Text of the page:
The format of the book is unusual, not told in traditional chapters, but in different long sections which are alternately third person narration of different characters, police reports, interviews, and diary entries. It seemed a bit disjointed at first, changing viewpoints every 50 or 100 pages, but the reader begins to get a more complete picture of the complicated relationship between the British and the Indians in the years before the end of the Raj. The narrators and writers are both Indian and British, and though I liked the audio version (which clocked in at more than 22 hours), but the narrator has a very clipped, posh accent for the British characters, but I didn't much care for the accent he gave the Indians. 

Overall, though, I really found the story fascinating, even though the central event is quite brutal (though it's never described in specific detail). I feel like Daphne and Hari's relationship was symbolic of the relationship between India and Britain, and how things could go horribly wrong. It's always tricky reading colonial literature written by white people but Scott takes a really unflinching look at the British in India, and it isn't very flattering. He also takes some serious jabs at both the British and Indian class systems, and the racism between the British and Indians is just devastating and extremely timely.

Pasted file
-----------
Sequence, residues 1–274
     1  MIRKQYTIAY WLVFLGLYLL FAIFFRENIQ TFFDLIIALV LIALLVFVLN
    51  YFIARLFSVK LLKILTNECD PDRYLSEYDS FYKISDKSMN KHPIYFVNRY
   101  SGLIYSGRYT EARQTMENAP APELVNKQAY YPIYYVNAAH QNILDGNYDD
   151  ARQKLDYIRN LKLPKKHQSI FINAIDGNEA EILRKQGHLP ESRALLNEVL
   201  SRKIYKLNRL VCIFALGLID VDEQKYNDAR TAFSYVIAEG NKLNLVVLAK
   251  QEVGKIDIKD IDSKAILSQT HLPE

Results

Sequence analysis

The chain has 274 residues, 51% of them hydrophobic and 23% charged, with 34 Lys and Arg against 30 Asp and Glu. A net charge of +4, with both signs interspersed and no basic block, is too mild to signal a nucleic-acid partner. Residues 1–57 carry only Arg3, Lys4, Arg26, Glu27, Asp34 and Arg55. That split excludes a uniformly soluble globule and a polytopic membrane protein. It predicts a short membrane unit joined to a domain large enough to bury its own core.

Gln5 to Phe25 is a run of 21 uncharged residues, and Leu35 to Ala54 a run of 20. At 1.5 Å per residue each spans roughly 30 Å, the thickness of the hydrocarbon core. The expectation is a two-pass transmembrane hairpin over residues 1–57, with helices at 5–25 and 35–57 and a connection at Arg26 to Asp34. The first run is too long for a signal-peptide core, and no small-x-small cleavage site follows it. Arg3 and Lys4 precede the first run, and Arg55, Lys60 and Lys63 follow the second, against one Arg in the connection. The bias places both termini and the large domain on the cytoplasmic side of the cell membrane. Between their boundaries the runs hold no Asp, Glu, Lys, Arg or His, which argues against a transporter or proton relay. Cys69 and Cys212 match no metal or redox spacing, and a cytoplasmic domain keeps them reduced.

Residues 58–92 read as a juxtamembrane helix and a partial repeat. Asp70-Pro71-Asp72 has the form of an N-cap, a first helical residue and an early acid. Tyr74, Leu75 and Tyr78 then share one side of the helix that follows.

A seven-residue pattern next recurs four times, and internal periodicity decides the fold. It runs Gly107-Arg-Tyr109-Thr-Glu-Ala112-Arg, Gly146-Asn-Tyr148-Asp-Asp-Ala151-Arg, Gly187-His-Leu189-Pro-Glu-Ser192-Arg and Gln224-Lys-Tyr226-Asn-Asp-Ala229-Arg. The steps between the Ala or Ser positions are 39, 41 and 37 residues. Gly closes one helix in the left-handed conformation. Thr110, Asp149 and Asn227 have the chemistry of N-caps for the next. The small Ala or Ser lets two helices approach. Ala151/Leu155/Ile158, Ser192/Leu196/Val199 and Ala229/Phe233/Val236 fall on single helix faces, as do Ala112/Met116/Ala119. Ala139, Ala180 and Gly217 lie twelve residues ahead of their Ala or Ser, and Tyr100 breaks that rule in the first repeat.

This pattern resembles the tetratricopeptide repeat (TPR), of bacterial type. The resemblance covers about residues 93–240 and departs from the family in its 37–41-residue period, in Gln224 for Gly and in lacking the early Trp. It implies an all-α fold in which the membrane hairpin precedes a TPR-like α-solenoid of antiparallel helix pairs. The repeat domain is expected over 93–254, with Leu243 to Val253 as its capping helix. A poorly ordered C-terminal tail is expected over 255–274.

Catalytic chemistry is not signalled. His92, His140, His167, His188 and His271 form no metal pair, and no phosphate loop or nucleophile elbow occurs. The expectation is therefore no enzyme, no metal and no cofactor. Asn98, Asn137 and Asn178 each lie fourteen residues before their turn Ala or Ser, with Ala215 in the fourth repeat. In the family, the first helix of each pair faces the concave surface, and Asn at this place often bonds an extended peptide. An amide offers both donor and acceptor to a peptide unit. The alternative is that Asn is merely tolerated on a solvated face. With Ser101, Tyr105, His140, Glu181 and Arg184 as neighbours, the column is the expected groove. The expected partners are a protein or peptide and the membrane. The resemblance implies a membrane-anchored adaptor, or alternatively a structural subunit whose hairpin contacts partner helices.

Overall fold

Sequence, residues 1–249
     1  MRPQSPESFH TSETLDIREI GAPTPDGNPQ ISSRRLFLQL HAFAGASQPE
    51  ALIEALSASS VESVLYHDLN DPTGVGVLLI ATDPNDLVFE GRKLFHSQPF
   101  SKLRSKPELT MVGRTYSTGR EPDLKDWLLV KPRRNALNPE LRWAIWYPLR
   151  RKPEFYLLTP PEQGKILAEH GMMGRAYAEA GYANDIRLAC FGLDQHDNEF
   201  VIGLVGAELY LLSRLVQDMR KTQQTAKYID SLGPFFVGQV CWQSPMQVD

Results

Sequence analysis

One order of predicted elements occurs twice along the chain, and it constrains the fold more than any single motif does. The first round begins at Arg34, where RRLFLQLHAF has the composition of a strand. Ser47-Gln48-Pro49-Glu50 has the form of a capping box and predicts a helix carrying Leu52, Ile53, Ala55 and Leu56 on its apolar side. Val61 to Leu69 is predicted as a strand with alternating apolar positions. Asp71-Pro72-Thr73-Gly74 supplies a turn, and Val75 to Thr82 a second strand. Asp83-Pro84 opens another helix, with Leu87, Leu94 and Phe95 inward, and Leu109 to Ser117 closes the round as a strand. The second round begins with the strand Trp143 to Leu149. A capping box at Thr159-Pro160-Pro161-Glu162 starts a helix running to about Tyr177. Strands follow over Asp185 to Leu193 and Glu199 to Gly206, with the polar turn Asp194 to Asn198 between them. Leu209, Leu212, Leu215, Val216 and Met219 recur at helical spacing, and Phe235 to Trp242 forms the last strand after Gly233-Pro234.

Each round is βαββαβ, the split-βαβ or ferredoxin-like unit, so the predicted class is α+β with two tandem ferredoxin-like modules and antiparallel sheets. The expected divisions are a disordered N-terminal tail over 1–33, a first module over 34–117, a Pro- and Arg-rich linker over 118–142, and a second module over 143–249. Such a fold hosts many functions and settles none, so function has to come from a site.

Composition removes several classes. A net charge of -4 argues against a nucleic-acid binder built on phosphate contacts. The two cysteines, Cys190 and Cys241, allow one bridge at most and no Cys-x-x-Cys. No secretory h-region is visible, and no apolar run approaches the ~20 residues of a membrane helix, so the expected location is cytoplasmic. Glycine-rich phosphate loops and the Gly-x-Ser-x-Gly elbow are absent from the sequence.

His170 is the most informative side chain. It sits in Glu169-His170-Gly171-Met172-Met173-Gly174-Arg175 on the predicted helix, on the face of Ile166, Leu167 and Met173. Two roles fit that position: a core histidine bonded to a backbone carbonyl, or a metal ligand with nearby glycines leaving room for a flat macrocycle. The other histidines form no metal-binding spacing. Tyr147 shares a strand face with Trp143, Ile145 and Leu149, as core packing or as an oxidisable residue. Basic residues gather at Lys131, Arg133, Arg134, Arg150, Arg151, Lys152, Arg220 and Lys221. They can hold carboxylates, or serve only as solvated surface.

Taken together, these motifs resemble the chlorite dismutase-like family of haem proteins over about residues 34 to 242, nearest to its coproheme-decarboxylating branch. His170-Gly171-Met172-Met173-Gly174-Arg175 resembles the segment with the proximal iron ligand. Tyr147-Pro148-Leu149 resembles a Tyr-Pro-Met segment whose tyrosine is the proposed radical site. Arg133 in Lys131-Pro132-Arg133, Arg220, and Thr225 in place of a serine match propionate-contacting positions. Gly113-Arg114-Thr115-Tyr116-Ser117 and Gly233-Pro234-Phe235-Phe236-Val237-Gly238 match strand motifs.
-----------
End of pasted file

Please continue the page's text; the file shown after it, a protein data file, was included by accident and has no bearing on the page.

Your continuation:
I found Hari and Daphne's story really heartbreaking, but the book is really engaging as soon as you get used to the format and I'm eager to read the next three volumes. The other three are also available on audio digital download but I think I need to take a break before diving into the next one as they're equally long -- the final volume is more than 600 pages in print and more than 27 hours of audio! There was also a TV adaptation filmed in the 1980s that was voted one of Masterpiece Theater's all-time favorites, but I will probably wait until I've finished reading (and listening) to the books before I watch it.  

I'm counting this as my 20th Century Classic for the Back to the Classics Challenge

Monday, May 7, 2018

Classics Spin # 17: One Fine Day by Mollie Panter-Downes